In the credits to his directorial debut Lost River, Ryan Gosling thanks the likes of Terrence Malick, Nicholas Winding Refn, Derek Cianfrance, David Lynch, Dario Argento and Guillermo del Toro. Some of those he’s worked with, others he’s admired from afar but all influences he wears proudly – too proudly – on his sleeve.

In what plays like a maddening hodgepodge of ideas and styles done better in other films, Lost River focuses on a dreamlike, Detroit-esque wasteland of a city where houses are crumbling, unemployment is high and the seedy underbelly of the city is somehow a viable solution to urgent problems.

Bones (a role Gosling might have played 10 years ago but is instead played by rising Scottish star Iain De Caestecker) spends his days scouring abandoned houses looking for scrap metal to sell; his mother (Christina Hendricks), is a part-time waitress struggling to keep her childhood home from the bank and so agrees to do some questionable things for money, leading her to see a seedier side to her supposedly helpful bank manager (Ben Mendelsohn); “Rat” (Saoirse Ronan) is the girl next door who looks after her grandma; and then there’s Bully (former Doctor Who, Matt Smith), the shaven-headed antagonist of the peace who drives around the city in an open top car proclaiming his dominance.

The trouble with Lost River is that Gosling is never quite sure what type of film he’s trying to make, or rather he wants to make every type of film at once. Is it a post-apocalyptic thriller where gangs run rampant and the hero is supposed to rise up against them? Is it a family drama about a mother trying to keep a roof over their heads? Is it a coming-of-age romance? A stylish crime movie that illuminates a seedy underbelly that would otherwise be hidden were it not for the desolation around the characters? It simply tries to be too many things at once and since Gosling is not (yet?) a strong enough director to make that scattered approach work, it ends up not really working at all.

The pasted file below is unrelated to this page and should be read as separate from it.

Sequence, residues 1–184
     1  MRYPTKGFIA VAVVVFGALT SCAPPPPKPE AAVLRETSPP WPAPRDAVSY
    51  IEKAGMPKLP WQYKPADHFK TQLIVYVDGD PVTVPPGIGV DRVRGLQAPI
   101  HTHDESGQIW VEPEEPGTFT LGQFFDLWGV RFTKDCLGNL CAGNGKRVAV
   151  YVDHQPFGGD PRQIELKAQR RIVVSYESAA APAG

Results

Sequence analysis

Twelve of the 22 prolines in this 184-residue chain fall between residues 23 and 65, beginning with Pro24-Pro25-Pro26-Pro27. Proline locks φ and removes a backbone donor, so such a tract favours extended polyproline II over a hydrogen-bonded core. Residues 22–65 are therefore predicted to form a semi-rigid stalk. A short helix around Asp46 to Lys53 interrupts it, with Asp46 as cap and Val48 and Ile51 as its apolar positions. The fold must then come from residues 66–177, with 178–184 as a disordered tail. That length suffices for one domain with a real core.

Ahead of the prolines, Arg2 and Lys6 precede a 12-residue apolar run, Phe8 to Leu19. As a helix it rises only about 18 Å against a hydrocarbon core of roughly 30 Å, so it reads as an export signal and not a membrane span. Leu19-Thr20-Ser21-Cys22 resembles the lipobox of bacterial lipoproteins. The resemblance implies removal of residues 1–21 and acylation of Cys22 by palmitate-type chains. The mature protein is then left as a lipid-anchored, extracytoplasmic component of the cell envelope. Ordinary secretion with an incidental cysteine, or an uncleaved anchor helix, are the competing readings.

The film has two real saving graces, the first of which is the lush visual style which marries handheld Malickian ethereality with dark shadows offset by the Drive-esque neon pink lighting that adorns Rat’s attic room or the sordid club in which the film’s most nightmarish, Lynchian scenes take place. The second is the cast who give strong performances and elevate characters that, on the page, are more thinly drawn and frankly rather bewildering archetypes than fully fledged characters. De Caestacker is particularly good as the determined Bones, while Mendelsohn puts in another unsettlingly intense performance to his already overflowing list as the bank manager with a dark heart.

It’s not the terrible film the boos at Cannes would suggest but Gosling’s debut should be filed under “nice try,” functioning like a sort of upmarket student film that has rearranged the furniture in other directors’ houses. There’s an interesting movie in there somewhere that occasionally peeks its head out from behind the oh-so-stylish curtains but is prevented from doing so by an overall self-indulgent, confused and confusing narrative that just doesn’t hang together. Gosling shows a certain kind of promise and I’m sure he’ll make a great movie one day as a director. This just isn’t it.